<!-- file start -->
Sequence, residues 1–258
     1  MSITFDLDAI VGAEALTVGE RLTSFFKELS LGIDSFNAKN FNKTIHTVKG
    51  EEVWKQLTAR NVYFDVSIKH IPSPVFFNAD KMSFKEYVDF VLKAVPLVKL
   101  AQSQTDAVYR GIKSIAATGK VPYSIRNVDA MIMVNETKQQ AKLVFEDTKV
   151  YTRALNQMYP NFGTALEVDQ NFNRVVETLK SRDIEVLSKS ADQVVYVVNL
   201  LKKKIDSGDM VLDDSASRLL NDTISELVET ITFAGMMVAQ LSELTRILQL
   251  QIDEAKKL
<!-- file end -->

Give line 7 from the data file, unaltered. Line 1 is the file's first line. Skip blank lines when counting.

   251  QIDEAKKL